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True-Crime Drama, 'Manhunt,' Drops on Acorn
March 11, 2019  | By David Hinckley
 

Fair warning: Martin Clunes (top) isn’t much more cheerful in the new series Manhunt than he is in Doc Martin. But he’s just as good.

Manhunt, which becomes available Monday on the streaming service Acorn, dramatizes the real-life investigation by British police into the 2004 murder of 22-year-old French student Amélie Delagrange.

Clunes plays Detective Inspector Colin Sutton, who was in charge of the case and on whose real-life memoir the three-part series is based.

As the premise suggests, Manhunt focuses on the investigation, which was notable because the police had few clues with which to work and yet, in the end, found more answers than anyone expected.

The investigation lasted two years, and Manhunt traces the painstaking process by which a case was built, one small factoid at a time.

The drama itself and the process don’t differ much from the dramas in fictional cases laid out for years on television police procedurals.

The creators of Manhunt make this one stand out because they humanize the real-life pain and pressures that went into it.

The Delagrange investigation was the first of which Sutton had full charge, and in the beginning, there are signs of hesitation. While he never has any doubts where to go with the police part, his superior Detective Chief Superintendent Andy Murphy (Peter Forbes) at times comes across as a helicopter boss.

More importantly, Murphy and other superiors warn Sutton against attempting to link Delagrange’s murder with other recent deaths in the area.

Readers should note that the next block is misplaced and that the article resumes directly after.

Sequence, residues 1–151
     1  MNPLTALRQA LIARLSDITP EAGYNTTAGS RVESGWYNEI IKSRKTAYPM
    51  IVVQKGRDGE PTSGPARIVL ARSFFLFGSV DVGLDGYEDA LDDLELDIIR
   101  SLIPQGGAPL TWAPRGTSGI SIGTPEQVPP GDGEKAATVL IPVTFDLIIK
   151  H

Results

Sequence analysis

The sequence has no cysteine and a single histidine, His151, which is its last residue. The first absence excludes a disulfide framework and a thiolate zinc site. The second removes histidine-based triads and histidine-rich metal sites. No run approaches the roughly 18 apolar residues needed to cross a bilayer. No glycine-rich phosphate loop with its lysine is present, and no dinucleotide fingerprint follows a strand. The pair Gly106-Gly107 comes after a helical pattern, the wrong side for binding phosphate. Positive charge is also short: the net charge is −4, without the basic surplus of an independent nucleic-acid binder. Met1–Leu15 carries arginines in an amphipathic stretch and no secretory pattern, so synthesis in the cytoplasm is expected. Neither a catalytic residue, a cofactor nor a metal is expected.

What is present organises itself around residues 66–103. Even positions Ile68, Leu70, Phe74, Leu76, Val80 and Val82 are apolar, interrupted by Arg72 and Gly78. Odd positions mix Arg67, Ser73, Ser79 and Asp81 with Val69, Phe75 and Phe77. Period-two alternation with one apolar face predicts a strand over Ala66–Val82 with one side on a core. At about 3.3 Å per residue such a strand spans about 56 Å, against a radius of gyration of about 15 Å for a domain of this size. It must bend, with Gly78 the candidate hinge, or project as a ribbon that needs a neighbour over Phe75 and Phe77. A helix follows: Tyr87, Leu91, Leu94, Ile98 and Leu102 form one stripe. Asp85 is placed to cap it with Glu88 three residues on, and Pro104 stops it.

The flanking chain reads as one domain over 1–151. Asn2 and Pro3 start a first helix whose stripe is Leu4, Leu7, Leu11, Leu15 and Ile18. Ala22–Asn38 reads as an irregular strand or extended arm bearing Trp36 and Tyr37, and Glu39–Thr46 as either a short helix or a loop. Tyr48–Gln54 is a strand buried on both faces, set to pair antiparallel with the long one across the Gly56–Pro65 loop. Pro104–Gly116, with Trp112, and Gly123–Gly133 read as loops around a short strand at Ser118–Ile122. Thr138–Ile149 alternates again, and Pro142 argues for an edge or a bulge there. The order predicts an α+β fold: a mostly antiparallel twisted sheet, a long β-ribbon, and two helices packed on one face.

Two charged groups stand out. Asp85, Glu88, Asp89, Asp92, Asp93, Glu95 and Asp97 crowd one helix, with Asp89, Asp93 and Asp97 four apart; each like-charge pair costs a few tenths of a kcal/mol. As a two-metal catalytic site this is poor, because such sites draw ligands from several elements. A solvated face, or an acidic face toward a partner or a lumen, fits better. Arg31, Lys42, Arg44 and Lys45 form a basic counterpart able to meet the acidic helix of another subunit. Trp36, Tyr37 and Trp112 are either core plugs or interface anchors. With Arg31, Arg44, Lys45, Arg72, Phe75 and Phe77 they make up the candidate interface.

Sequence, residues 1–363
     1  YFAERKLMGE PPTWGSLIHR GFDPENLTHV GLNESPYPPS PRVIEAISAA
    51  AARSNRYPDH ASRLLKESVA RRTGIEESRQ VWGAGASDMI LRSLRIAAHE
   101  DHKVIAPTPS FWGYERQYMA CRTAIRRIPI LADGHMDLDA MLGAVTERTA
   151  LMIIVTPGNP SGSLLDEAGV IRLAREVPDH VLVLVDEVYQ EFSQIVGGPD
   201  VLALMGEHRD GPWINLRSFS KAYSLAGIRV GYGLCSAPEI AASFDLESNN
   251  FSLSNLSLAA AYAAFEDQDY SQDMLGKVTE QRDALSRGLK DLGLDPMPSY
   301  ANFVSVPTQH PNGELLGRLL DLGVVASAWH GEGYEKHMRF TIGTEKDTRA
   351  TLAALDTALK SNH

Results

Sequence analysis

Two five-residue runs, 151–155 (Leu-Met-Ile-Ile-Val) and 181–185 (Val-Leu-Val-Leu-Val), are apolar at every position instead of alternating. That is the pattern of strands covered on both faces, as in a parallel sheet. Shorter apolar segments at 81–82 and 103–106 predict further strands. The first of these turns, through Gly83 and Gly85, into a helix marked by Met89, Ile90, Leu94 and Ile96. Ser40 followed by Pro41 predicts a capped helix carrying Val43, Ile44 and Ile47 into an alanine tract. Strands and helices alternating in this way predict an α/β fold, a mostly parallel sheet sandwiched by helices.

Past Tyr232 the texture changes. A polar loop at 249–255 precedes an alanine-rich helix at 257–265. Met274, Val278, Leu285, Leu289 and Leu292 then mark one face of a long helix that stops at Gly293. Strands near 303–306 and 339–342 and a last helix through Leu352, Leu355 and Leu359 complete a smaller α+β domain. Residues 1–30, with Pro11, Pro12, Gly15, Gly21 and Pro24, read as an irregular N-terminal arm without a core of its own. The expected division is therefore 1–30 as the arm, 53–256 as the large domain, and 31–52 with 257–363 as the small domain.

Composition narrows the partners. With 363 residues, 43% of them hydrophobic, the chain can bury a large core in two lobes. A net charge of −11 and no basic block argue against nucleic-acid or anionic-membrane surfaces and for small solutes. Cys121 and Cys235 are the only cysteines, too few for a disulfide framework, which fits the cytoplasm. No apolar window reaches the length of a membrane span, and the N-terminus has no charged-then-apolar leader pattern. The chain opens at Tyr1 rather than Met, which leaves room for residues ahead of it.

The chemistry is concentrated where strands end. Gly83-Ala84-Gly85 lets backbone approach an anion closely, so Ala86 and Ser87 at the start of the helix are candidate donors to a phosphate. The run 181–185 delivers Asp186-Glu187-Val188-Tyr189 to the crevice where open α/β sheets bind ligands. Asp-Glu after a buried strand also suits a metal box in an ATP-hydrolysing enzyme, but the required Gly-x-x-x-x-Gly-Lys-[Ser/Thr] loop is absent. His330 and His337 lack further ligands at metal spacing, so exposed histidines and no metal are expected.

Without proof, they argue, such a speculative link might trigger public panic over the specter of a serial killer.

Unfortunately, Sutton replies, a serial killer may be just what’s out there, and he systematically begins broadening his investigation to look at details from those other killings.

While Clunes dominates the show, he’s ably supported by the rest of the cast, most of them portraying police officers. Katie Lyons is a strong presence as his chief aide, Detective Sergeant Jo Brunt, and Stephen Wight adds nice touches as Detective Constable Clive Grace.

We meet Sutton’s family almost in passing, and while they’re fleshed out, Manhunt doesn’t spend any more time than necessary on personal dramas. We do get a sense of how a high-profile case like this can become a 24/7 priority that diminishes time available for anything unrelated.  

When we meet Amélie’s family, we spend enough time with them to appreciate the impact of their daughter’s death.

Still, Manhunt never ventures far from the nuts and bolts of the investigation, focusing on the skill and occasional luck with which Sutton and his team gradually turn potential scenarios into likely scenarios into actionable evidence.

The perp isn’t an evil genius. He does have some idea how to cover his tracks, and the seemingly random selection of a victim – Delagrange was only in the wrong spot because she had missed her bus stop and had to get off and walk back – makes it difficult for Sutton and his team to establish patterns or determine motive.

Clunes, who returns this fall in what will apparently be the last season of Doc Martin, maintains that same familiar dour face here. He’s measurably more human, though, and his seriousness stems more from the nature of the case than misanthropy.  

Manhunt provides three solid, engaging hours, with a real-life ending that in no way compensates for a young girl’s death, but does drop a little something on the other side of the scales of justice.

 
 
 
 
 
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